What Can You Expect if Your RV Is a Lemon?
Did you buy an RV to find some escape? Are you spending more time at the dealers than on the open road? You have rights.
Facing travel restrictions and public health concerns, many Americans made the leap to recreational vehicles in 2020. The RV Industry Association reported that RV shipments were up 53.5% percent in July 2020 from the same period for the previous year and the surge in RV sales is projected to continue into 2021. With an increase in sales came an increase in defects, complaints, and legal wrangles. RV owners are now struggling with how to deal with their lemon RV.
An RV is not a car.
Some RV buyers expect owning an RV to be similar to owning a car. However, recreational vehicles (including Class A, B, and C motorhomes, fifth wheel trailers, travel trailers, toy haulers, and truck campers) have different problems and different legal protections. An RV has the features and mechanical systems of an automobile but also has plumbing, electrical and climate control systems, appliances, and furnishings. All of these features and systems have the potential to fail and cause you inconvenience and expense.
When your RV has an issue, it can be more difficult to deal with than a car repair. Often you discover the fault when you are miles away from home or your dealer, and authorized repair facilities are hard to find. When your RV is your living space, the impact and expense of being unable to use your RV can be huge. Sometimes you find yourself dealing with multiple manufacturers due to the many different systems and appliances in an RV. If you do end up in a dispute, the legal protections are different.
Veteran RV owners often remind rookie buyers that an RV is not a car and that they should expect to carry out maintenance and repair just as they would when buying a house. That does not mean that a new RV owner should accept defects as part of the RV experience.
Common RV problems.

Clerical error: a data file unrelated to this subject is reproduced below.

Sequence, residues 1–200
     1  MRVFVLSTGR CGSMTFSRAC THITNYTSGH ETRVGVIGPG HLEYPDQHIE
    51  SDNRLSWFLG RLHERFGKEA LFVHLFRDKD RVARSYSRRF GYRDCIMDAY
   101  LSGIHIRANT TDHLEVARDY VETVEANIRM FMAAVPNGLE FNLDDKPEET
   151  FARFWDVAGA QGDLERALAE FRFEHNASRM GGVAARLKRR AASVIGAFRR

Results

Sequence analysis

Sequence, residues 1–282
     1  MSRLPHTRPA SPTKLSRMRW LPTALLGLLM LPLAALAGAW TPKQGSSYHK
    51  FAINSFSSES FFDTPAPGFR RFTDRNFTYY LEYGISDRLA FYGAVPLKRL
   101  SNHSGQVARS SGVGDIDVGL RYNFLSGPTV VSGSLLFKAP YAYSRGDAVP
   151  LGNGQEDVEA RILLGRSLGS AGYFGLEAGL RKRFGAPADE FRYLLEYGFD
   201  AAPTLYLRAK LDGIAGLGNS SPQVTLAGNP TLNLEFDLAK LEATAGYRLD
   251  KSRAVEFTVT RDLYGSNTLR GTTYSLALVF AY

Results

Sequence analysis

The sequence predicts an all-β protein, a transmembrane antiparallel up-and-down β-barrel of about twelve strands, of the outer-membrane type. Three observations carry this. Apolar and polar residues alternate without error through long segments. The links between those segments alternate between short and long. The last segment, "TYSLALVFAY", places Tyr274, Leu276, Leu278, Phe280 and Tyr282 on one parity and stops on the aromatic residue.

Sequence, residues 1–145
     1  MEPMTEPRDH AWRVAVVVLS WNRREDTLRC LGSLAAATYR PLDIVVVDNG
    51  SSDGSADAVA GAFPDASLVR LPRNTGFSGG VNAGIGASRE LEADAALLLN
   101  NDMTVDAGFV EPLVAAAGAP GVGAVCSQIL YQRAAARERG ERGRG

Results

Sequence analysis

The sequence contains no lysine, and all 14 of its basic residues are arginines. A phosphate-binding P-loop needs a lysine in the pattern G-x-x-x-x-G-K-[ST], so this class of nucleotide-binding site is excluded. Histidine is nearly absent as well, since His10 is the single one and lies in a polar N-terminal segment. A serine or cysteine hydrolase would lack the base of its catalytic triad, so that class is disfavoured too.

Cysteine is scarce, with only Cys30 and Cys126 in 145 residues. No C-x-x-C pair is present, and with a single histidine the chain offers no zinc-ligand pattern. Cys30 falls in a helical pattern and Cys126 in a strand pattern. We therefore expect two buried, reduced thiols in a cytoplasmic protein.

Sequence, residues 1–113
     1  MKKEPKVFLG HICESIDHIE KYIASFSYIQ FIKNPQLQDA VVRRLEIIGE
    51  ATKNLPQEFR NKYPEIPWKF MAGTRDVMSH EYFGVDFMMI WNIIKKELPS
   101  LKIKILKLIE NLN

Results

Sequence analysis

A “lemon” typically means the vehicle has a defect that substantially impairs its safety, use or value. Some common problems that we see with RVs are:
- Leaks – both in the exterior (doors, window seals, and walls) and interior (plumbing, toilet, shower); often makes the RV unusable and leads to other problems such a rust.
- Rust – typically associated with a leak, can lead to structural problems, and affects the value of the RV.
- Electrical and lighting system malfunctions – can affect drivability, living quarters, and be a significant safety risk.
- Structural issues – defective wall panels, doors, or windows can make an RV unusuable, unsafe, and lead to costly repairs.
- Unreliable or faulty appliances – cooktop, microwave, refrigerator, washer, dryer or other appliance failing with normal use.
- Poor quality materials – exterior or interior materials that are not fit for their purpose.
- Customer service issues – dealers and manufacturers are not interested in helping owners with problems or questions.
While these problems can occur in any RV, there are some brands that are repeat offenders in our practice. See our blog post to find out which four brands we see most often amongst our clients.
Lemon laws for RVs.
There is more than one avenue to pursue if your RV is a lemon. State lemon law, which varies from state to state, is one option. If you are pursuing a state lemon law claim, the law that applies is the law in the state in which you bought your RV. Unfortunately, some state lemon laws do not cover RVs, and those that do often limit the lemon law protections to the chassis only (excluding the living quarters.) In Pennsylvania, the automobile lemon laws exclude RVs, while in New Jersey and California, the lemon laws only apply to the chassis portion.
The federal Magnuson-Moss Warranty Act applies throughout the country. It gives extra teeth to the written warranty that you received when you purchased your RV, requiring the seller to honor the warranty, and providing for cash compensation if they do not. Like most state lemon laws, the Magnuson-Moss Warranty Act allows the seller a reasonable number of repair attempts (typically 3 or 4) but it does not impose the same time or mileage restrictions on a claim as state lemon laws. Both state and federal law will usually require the dealer or manufacturer to pay your attorneys’ fees.
In addition to state lemon law and the Magnuson-Moss Warranty Act, federal and state unfair trade practices legislation may apply to offer you a legal remedy. Arbitration may also be an option, or required, under your sales or lease contract. And in every case, negotiation is a valuable tool that is particularly effective when you have a skilled negotiator who is familiar with the industry and the applicable laws.
If you are dealing with defects in your RV, Timothy Abeel & Associates may be able to help. We are experienced at navigating the practical and legal issues created by a problem RV. Contact us for a free case review to find out what you might be entitled to by law.